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More Info on our Microsoft Glossaries

More Info on our Microsoft Glossaries

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The Microsoft Terminology Community Forum glossaries are not exhaustive but contain a limited amount of terms. The terms are selected from our U.S. product glossaries by terminologists who know the target language and may determine which U.S. terms are difficult to localize into the target language. Once these terms have been selected, we open the Microsoft Terminology Community Forum project and ask our customers (you!) in our target markets for their opinion on our localized terminology. We limit the amount of terms since we do not want to waste your time reviewing localized terms that are straightforward and not ambiguous.

Complete Microsoft product glossaries (these are glossaries containing product specific US strings and their translations) are available for download on MSDN. To access and download the glossaries, either an MSDN subscription (there are several subscriptions available, all except the MSDN library subscription will work) or a TechNet subscription are necessary. MSDN licensing and subscription info is available here: .

If you only need the glossaries and not the other services offered through MSDN, please consider getting a TechNet standard subscription (e.g. either TechNet Plus or TechNet Plus Direct) – since this will be cheaper. Market-specific TechNet subscription info and licensing costs can be found here:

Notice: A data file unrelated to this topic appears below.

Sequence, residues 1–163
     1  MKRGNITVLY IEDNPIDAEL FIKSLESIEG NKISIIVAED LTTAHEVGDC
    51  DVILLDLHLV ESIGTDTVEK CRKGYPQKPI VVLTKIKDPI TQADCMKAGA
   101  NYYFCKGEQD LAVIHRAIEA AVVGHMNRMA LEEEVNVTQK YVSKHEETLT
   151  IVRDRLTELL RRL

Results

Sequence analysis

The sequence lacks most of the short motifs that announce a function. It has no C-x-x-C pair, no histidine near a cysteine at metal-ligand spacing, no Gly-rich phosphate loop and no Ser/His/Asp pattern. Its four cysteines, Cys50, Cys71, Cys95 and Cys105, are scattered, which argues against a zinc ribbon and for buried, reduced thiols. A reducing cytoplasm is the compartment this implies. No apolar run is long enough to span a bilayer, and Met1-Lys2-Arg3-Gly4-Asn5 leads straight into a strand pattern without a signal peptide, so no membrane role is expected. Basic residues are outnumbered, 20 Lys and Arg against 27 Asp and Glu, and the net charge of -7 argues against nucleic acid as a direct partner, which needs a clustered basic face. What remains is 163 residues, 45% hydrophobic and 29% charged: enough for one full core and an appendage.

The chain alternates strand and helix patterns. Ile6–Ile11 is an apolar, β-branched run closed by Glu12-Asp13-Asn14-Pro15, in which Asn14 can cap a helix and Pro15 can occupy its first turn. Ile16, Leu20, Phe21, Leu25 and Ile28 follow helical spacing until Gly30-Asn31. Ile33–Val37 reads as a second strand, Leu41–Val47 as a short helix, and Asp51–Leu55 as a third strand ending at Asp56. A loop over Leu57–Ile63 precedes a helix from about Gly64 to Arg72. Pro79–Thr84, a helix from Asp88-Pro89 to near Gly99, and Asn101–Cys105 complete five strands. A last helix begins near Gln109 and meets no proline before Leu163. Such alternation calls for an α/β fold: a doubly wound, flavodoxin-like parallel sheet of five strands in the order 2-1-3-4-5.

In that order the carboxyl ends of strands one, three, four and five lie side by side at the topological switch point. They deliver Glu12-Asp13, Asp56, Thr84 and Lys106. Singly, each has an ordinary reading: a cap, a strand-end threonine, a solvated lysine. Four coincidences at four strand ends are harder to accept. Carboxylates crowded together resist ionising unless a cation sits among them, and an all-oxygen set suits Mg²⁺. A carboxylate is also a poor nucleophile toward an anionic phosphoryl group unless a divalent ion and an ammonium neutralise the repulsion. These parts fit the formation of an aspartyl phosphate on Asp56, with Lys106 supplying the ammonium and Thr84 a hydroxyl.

We also have a glossary that offers selected source and target terms that is available for free. Its purpose is to allow users to easily filter for translations for specific Microsoft terms in a variety of languages. It is not exhaustive. It is located here:


We are aware that individual customers have different needs. Our aim is to find solutions that are helpful for everyone, so please let me know if you have any questions or comments about this. We are constantly evaluating how our terminology sharing process may be modified to meet the needs of all customers. Your input is necessary to achieve this goal.


I am looking forward to hearing from you!




  • Why not make the glossaries free?

  • Good question. We generally consider the glossaries intellectual property similar to our source code which we also do not make avaible to the public for free. There are of course exceptions: We share relevant glossaries with our partners for free if they need to build localized solutions that are compatible with our products. This seems to be common practice in the business. Let me know whether you agree with the reasoning behind this approach. This is an interesting topic.

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